9. TexasRanger

    TexasRanger New Member

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    They sound nice on paper and TV (Dogs 101), but I don't think they'll be a good fit for me (already have one dog that will fight at the drop of a hat, don't need another).

    Do both types have the same health issues?
     
  10. Dogdragoness

    Dogdragoness Happy Spring!!!!

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    Agreed. I have seen a good many with allergies and other issues like disc problems and bad patellas. The ones I have met are very cute and their temperaments are great, but, like rotties, their health problems scare me away.
     
  11. xpaeanx

    xpaeanx Active Member

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    You might want to look more toward cardigans then and really get to know lines. I haven't personally met any outside of dog shows, but talking to owners they are the more even-tempered of the two.

    This is a good article about the health problems in the breed.
     
  12. Laurelin

    Laurelin I'm All Ears

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    The cardis I know are all pretty healthy from what I've seen. The old girl is still running agility too. I'd take a cardi but I don't tend to like pemmies too much.
     
  13. xpaeanx

    xpaeanx Active Member

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    ^^Cardis also don't have the same amount of BYB/milling going on. It's growing for that breed but not like with pems. Also, pems have a sharper personality so I think that got exacerbated by the poor breeding, and dwarf dogs have extra problems that will just go horrible quickly with poor breeding.


    /sigh.
     
  14. Emily

    Emily Rollin' with my bitches

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    I have a Cardi, I suppose she's on the sharper side for the breed but I still find her very easy to live with.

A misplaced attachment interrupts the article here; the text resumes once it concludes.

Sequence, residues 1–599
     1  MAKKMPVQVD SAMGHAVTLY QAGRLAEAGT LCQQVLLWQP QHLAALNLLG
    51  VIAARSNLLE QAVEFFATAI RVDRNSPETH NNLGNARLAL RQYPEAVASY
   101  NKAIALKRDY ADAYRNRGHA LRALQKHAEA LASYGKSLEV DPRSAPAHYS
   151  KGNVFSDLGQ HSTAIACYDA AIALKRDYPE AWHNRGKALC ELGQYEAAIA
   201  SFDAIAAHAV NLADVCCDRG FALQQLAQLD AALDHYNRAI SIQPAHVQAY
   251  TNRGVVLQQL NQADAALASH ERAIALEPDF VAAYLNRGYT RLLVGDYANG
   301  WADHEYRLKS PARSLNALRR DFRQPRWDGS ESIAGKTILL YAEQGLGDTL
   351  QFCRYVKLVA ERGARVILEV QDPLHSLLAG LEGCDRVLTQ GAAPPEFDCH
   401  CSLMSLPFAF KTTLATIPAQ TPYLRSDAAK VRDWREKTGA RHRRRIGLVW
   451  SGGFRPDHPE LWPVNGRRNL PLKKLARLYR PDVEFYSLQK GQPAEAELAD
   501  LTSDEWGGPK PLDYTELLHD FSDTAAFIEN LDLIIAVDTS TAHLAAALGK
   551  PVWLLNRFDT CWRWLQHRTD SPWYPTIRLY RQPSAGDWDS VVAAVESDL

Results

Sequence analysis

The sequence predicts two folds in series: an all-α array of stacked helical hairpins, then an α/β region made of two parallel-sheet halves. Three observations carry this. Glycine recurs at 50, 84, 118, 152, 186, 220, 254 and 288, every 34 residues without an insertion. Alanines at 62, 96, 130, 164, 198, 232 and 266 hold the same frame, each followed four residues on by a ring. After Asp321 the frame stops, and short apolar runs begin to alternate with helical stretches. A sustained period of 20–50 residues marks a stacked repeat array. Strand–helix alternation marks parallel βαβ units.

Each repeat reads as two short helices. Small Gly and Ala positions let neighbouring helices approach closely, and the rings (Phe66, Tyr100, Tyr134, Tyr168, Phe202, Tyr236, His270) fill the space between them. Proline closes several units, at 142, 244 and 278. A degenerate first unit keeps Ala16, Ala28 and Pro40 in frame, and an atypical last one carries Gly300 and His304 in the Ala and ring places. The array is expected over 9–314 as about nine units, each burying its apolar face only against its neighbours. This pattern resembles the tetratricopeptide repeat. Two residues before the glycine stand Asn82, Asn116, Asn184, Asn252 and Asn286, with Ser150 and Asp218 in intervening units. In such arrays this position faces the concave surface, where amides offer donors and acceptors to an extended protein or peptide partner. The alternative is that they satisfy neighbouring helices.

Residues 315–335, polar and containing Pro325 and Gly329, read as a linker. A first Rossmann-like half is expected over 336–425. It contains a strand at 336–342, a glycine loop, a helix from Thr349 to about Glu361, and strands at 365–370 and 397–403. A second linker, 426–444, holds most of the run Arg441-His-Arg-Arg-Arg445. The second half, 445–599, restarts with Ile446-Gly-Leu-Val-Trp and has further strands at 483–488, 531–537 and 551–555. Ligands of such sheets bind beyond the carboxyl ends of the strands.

Riddled with health problems? I dunno, not Cardis. It would help if people clarified which breed they were actually talking about before making sweeping statements like that about "corgis." It's prudent to remember that they are two separate breeds.

    My dog's great granddam died at 18; her granddam is still very active at 12 and her mother is still acting like a young dog at 8. Mine has flea allergies but other than that, nothing. She's super hardy and has an iron stomach. She's actually never seen a vet for anything but vaccines and she'll be 3 in May. *shrug* I don't do breeds with generally poor health but I would own another Cardi in a heartbeat, so...

    As far as temperament goes, you love them or hate them. They believe the world belongs to them and good luck to you if you try to up end that belief. Mine is a fast learner and a great thinker, and also loves fun and games. They absolutely do not do well with force in training or being drilled, but are otherwise easy to train IME.

    Mine is fairly aloof with strangers but I never worried about her being handled or touched. She's guardy of perimeters and will do bluff charges at people who let themselves in to the house, yard, or car. But, really fine with people out in public. We went to a big outdoor dog show last summer where she got passed around and made a lot of friends, and even worked the the vendors over for treats and pets. ;)

    Dogs are touchier but she is not dangerous - again, it's a loud, bossy bluff charge. She used to be quite DR but has basically overcome that with training and maturity. That was partially genetic but also escalated seriously after she was attacked by a Great Dane. Any prospective corgi owner should know that after being pryed out of a Great Dane's mouth and left with several punctures across her body, she actually started snarling and trying to get back to him. :rolleyes:

    She is bossy with household dogs but there is only so much of that I will allow, and she knows it. Left unchecked, she would be telling everyone what they can and cannot do. New dogs entering the home is another cup of tea but I've learn how to manage introductions and it's very doable to introduce dogs into the household.

    RG can be a problem in the breed, but mine only "RG's" to the very normal extent of not wanting others to steal her stuff. I do not allow excessive guarding displays or stealing from other dogs. She does not RG with people at all and I can take raw food from her without an issue.